from The American Heritage® Dictionary of the English Language, 4th Edition
- transitive v. To heat (a substance) to a high temperature but below the melting or fusing point, causing loss of moisture, reduction or oxidation, and the decomposition of carbonates and other compounds.
- intransitive v. To undergo calcination.
from Wiktionary, Creative Commons Attribution/Share-Alike License
- v. to heat something without melting in order to drive off water etc., and to decompose carbonates into oxides or to oxidize or reduce it; especially to heat limestone to form quicklime
- v. to undergo such heating
from the GNU version of the Collaborative International Dictionary of English
- intransitive v. To reduce to a powder, or to a friable state, by the action of heat; to expel volatile matter from by means of heat, as carbonic acid from limestone, and thus (usually) to produce disintegration; as to, calcine bones.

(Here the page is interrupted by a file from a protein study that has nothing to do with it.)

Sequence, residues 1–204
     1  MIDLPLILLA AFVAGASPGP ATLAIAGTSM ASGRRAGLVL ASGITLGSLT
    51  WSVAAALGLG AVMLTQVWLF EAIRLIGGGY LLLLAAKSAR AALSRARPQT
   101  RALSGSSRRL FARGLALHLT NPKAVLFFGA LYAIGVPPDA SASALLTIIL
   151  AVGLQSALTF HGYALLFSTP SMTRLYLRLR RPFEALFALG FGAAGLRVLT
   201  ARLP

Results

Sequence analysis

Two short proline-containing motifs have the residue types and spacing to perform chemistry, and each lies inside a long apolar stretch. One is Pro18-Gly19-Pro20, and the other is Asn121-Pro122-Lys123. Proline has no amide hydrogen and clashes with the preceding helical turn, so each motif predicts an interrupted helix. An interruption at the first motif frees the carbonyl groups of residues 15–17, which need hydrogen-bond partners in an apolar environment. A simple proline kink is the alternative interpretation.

- intransitive v. To oxidize, as a metal by the action of heat; to reduce to a metallic calx.
- intransitive v. To be converted into a powder or friable substance, or into a calx, by the action of heat.
from The Century Dictionary and Cyclopedia
- To convert into lime or calx by the action of heat; treat (limestone) by the process of calcination for the formation of lime.
- To oxidize, as a metal, by heating.
- In metallurgy, to subject to the action of heat, with access of air: nearly equivalent to roast (which see).
- To be converted into a powder or friable substance, or into a calx, by the action of heat.
- To consume by burning; burn to ashes.
- To purify or refine by fire.
- To desiccate by subjection to heat so as to destroy contained organisms, etc.: as, to calcine air.
- n. Fragments of already burnt fire-clay vessels, as the saggars of porcelain manufacture, ground up and used in making new vessels, with addition of fresh fire-clay. Also chamotte.
from WordNet 3.0 Copyright 2006 by Princeton University. All rights reserved.
- v. heat a substance so that it oxidizes or reduces
Middle English calcinen, from Old French calciner, from Medieval Latin calcīnāre, from Late Latin calcīna, quicklime, from Latin calx, calc-, lime; see calx.(American Heritage® Dictionary of the English Language, Fourth Edition)